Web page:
Here’s what you SHOULD do if you’re the unfortunate target of a jellyfish stinger. (Photo credit: Getty Images/Pete Karas)
It takes a jellyfish stinger just one microsecond — that’s .000001 seconds — to strike its target, according to the National Science Foundation. And when that target is you, we’re guessing you’ll be running (almost) as quickly out of the surf with a tentacle tangled around your leg.
What’s your next move? If you’ve ever seen the episode of Friends where Monica gets stung, you may be tempted to try peeing on your wound.
But, the truth is, a quick urine rinse won’t take the sting out of a run-in with a jellyfish — in fact, it may only make it worse (and not just because you’re now soaked in someone else’s urine), says Dan Wasserman, MD, a dermatologist in Naples, Florida.
Urine is often diluted, so it’s more similar to freshwater than saltwater. Why that’s a problem: Soaking the site with freshwater alters the concentration of salt inside and outside the tentacles’ stinging cells clinging to your skin. That could cause the nematocysts — the capsules where the venom is housed — to burst, says Wasserman. In other words, urine may make a minor sting a miserable one.
So instead of asking your beach buddy to drop his drawers, follow these steps instead: If the jellyfish is clear and stung you underwater (meaning it’s likely a box jellyfish), douse it with vinegar, suggests Craig Thomas, MD, an emergency physician in Hawaii and co-author of All Stings Considered. Although this won’t quell the pain, it will inactivate any lingering nematocysts, so they can’t release any more venom, he says. Vinegar that contains 4 to 6 percent acetic acid, applied to the area for 30 seconds, is best, according to a 2013 study review in the journal Marine Drugs.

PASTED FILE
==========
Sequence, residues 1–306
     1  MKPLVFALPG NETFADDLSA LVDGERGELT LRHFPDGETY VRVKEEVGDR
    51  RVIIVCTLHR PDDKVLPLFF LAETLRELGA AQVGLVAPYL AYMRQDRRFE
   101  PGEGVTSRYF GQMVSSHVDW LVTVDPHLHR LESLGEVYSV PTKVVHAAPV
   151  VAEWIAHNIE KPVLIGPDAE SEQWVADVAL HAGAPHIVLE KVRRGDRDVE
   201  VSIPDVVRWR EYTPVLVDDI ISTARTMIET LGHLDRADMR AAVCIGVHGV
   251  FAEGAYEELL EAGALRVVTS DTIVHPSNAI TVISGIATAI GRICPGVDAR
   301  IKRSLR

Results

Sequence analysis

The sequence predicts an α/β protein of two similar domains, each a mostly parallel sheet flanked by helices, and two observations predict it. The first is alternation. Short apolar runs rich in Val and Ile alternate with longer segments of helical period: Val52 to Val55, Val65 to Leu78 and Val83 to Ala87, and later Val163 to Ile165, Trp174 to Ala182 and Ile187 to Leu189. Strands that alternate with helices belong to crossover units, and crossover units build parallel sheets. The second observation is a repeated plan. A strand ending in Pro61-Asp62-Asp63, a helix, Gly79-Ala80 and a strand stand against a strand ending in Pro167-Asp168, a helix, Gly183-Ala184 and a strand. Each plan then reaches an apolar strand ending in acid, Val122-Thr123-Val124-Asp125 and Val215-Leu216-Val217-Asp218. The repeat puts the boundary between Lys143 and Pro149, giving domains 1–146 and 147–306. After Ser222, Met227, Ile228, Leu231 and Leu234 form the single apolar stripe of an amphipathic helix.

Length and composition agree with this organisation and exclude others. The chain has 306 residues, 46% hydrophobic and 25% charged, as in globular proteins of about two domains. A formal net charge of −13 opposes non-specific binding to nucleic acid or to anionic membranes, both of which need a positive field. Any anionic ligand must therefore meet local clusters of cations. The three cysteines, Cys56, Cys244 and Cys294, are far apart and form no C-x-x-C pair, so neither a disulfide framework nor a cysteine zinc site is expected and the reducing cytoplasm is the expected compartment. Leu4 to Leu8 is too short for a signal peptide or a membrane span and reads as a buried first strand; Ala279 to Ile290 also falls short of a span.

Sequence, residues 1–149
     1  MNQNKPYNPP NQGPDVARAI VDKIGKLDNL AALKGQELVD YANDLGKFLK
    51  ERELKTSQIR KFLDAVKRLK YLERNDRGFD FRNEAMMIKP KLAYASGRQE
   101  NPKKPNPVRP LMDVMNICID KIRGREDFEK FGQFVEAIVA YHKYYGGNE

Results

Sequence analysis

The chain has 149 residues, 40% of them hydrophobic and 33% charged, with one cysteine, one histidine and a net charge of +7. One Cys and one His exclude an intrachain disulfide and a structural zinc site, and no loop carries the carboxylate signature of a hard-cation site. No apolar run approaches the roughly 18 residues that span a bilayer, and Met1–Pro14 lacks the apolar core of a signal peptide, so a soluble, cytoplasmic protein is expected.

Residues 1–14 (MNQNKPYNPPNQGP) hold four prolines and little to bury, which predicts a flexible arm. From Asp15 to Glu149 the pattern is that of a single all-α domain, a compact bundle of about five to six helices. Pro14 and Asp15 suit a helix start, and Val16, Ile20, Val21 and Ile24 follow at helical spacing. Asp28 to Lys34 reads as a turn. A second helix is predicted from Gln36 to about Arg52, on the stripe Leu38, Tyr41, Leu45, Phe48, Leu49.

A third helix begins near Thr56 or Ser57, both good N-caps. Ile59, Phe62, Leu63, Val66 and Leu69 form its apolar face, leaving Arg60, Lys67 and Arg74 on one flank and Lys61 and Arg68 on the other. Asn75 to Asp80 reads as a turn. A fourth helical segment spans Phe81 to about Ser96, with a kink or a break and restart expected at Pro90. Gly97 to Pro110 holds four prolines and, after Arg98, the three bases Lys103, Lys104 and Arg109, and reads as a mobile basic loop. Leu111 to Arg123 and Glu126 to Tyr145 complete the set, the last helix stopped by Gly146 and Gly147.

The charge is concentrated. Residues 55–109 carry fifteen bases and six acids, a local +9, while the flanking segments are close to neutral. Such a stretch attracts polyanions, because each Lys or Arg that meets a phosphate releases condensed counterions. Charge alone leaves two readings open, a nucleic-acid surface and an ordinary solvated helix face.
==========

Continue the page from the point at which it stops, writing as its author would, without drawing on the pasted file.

A word of caution: Vinegar actually causes some species to discharge more venom, so if the tentacle is colored, skip this step. (Consider asking the locals what’s lurking in the water beforehand, so if you get stung, you have a better chance of knowing what type of jellyfish it was.)
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Next, untangle the tentacle — and make swift work of it. “Officially, you should take precautions — wear gloves, use something to lift it off,” Thomas says. “But time is crucial. I’ve been stung quite a few times, and I’ll tell you what I do: I grab one end and lift it off.” The pads of your fingers are probably thick enough to protect you, he says, but if you’re worried, a pair of tweezers (if you happen to have them) or even a credit card to scrape it off should do the trick. Finally, rinse off the area with a bucket of saltwater to remove any nematocysts still clinging to your skin.
A hot water soak may help ease the pain, but as long as it was a garden-variety jellyfish that stung you, the burning will probably subside on its own in 20 minutes or so, says Thomas. “[The pain] approaches a bee sting, but more spread out,” he says. “Can stings hurt a lot? Yes. Can people get significant systemic effects? Yes. Is that rare? Absolutely. In the ocean, your real risk is drowning — it’s not jellyfish or sharks or any of those things.”
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